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Formula 1

Gary Anderson: Hamilton gives Mercedes a strategic weakness

by Gary Anderson
5 min read

Formula 1 race strategy is a living thing, you can’t set it completely in the motorhome before the grand prix starts.

You can have a couple of guidelines and ideas, but at the end of the day it’s a bit like any other aspect of being competitive in F1 – you’ve just got to do a better job than the other teams are doing at that time in the race. If you don’t do that, you’ll suffer.

Strategy could be a deciding factor in the 2021 title fight between Max Verstappen/Red Bull and Lewis Hamilton/Mercedes given it’s so close.

Motor Racing Formula One World Championship Russian Grand Prix Race Day Sochi, Russia

As far as executing it is concerned, if you can read the strategy correctly then I think both teams can execute it pretty well.

But one thing I would have to say is I believe Red Bull is more black and white in its strategies. It decides on a strategy as the race circumstances develop, commits to it and does it. Right or wrong, it’s gone with it.

Compared to that, there always seems to be a bit of confusion about Mercedes’ strategy, it’s never quite as decisive.

Hamilton, I think, is a big part of that strategy reading. We obviously don’t hear everything on the radio, but from what we do hear Verstappen is pretty good at informing the team of what he’s feeling in his car. And that’s really where it ends for him. He doesn’t really do much more than that.

Whereas Hamilton often seems to want to throw out extra information here and there, he sees that as part of the job. And that can sometimes be a big part of strategy decisions or indecision, as the case may be.

But at the end of the day if the driver just reports what they’ve got, and the team can look at that alongside the other data it has from all the other cars, laptimes, section times, then the pitwall can make a firm call.

For instance, if Max complains about his tyres going off but he’s still going faster than anybody else, then he’s doing OK and that’s the relevant thing. If Max is saying his tyres are good and he’s going slower than everybody then there’s a problem somewhere and Red Bull can change its strategy plan if it believes it to be necessary.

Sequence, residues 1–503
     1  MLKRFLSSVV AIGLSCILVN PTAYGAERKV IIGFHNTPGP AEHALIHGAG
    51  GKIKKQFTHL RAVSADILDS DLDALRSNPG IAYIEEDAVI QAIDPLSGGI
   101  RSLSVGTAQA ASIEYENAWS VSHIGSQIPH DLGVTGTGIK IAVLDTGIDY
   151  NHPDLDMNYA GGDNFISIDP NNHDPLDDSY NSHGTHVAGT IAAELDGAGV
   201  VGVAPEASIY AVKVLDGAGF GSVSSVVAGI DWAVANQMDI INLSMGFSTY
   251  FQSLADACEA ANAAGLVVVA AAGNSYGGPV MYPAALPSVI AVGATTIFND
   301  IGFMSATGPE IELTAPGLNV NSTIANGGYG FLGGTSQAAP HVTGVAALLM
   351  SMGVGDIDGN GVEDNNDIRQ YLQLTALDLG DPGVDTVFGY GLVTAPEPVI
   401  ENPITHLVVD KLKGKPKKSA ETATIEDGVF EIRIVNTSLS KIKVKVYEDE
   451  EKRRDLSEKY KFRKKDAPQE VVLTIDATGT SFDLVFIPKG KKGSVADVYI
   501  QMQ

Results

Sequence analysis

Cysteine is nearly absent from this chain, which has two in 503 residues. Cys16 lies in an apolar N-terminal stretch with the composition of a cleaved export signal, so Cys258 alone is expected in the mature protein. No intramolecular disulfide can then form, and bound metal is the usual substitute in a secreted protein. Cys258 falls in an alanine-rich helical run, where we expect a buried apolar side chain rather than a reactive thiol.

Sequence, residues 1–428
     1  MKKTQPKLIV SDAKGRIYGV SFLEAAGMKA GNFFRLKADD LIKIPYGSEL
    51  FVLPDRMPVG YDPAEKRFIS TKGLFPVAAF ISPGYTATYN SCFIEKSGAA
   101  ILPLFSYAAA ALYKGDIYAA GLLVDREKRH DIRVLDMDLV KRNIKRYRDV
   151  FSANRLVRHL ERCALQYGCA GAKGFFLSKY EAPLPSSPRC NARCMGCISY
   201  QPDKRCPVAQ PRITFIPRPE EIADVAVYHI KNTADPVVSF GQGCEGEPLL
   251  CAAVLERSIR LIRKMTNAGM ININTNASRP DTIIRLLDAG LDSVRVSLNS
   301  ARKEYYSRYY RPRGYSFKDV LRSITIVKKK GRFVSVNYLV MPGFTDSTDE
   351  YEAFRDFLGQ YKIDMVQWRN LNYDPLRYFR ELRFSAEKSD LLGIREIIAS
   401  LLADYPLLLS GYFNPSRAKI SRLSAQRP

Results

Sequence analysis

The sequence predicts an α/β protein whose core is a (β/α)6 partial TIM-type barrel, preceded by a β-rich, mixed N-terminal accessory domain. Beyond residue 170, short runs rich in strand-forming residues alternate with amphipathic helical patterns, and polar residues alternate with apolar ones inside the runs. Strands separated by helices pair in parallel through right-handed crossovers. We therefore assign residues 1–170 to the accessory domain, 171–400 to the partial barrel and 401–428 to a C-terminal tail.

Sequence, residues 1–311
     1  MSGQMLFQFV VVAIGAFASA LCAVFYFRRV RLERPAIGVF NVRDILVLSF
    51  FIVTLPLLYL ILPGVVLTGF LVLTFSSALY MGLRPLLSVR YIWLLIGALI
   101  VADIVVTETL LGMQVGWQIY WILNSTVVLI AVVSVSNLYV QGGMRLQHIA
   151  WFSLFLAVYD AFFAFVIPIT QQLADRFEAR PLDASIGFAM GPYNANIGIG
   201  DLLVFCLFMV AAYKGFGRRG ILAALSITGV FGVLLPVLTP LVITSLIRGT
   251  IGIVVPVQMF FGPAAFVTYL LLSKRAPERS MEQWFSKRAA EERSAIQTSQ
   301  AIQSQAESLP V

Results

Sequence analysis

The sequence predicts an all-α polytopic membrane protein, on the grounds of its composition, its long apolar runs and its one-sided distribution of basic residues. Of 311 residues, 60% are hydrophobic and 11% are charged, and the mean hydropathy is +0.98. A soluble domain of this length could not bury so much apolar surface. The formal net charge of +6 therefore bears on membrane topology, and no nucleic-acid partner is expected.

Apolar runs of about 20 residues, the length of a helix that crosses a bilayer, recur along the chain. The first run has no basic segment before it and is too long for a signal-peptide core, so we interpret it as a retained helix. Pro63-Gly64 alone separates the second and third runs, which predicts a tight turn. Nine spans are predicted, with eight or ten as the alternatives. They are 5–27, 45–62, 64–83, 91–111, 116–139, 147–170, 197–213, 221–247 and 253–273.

Jun 20 : French Grand Prix review

You need to be able to get good solid information from the driver then read it into the overall race picture and make your decisions from there.

There’s a lot less moaning about stuff from Max than there is from Lewis. And that can all play a part in it. Because when you’re complaining to your team, your team is being forced to think in a direction away from what they would do themselves, because they’re trying to satisfy the strategy required and satisfy the driver as well, and sometimes those two don’t go together.

In my book, Red Bull is slightly better at reading the situation and making the decisions than Mercedes is at this point in time.

Obviously Mercedes has won seven world championships so it doesn’t do too badly. But I think Red Bull is a little bit better at reading it and committing to it then driving with it. It’s still hard to call, but I would give Red Bull that little bit of a headstart.

Don’t underestimate Hamilton’s curveballs

Mark Hughes

Motor Racing Formula One World Championship Monaco Grand Prix Sunday Monte Carlo, Monaco

Gary’s point about the part Hamilton plays in the strategy calls is a very good one.

But it’s partly that Lewis has done some extraordinary things in the past that the strategists going into the race didn’t think would be possible and which did turn out to be possible.

I’m thinking of when he went from wets straight onto slicks in Monaco in 2016, missing out the intermediates and saving a pitstop.

Also Silverstone 2019 on a very aggressive one-stop versus Valtteri Bottas’s two, he was about to pull something off that going in Mercedes didn’t think was going to be possible, and then the safety car came out and we didn’t get to see it play out.

Motor Racing Formula One World Championship British Grand Prix Race Day Silverstone, England

He’s done several things like that where he’s not overruled Mercedes, but had a different idea for the best way to do it.

It’s usually related to his confidence in how he can make the tyres last. Sometimes Hamilton’s ideas and requests do throw a curveball in and make things unnecessarily complex, but sometimes it’s what’s enabled him to win the race.

But it’s not a straightforward thing. As Gary said, strategy is a living organism, changing all the time according to circumstance, and how a team reacts and the relationship between a driver and a team feeds into the dynamic of that every time.

How Mercedes and Red Bull stack up in the pits

Gary Anderson

Motor Racing Formula One World Championship Hungarian Grand Prix Race Day Budapest, Hungary

The change that we’ve had on the pitstop complexity, with the technical directive about automation, has added a little bit of time and a little bit of confusion to it all as pit crew members now need to press a button to indicate that their wheel is tightened rather than sensors picking this up.

But I think most people are on top of it all now – if the system all works correctly. For instance, last week in the Turkish GP Ferrari had a problem with the system working and it didn’t really register that the crew member had pressed the button.

As far as Red Bull and Mercedes are concerned, I think if you’re driving into the pits you’d have more confidence that Red Bull would be the quicker team when it comes to just executing the stop.

It’s more consistent at getting the stop that little bit quicker. But not by much, you’re talking a tenth or two, nothing dramatic.

The strategy and reading the race correctly will the bigger differentiator between the two teams.

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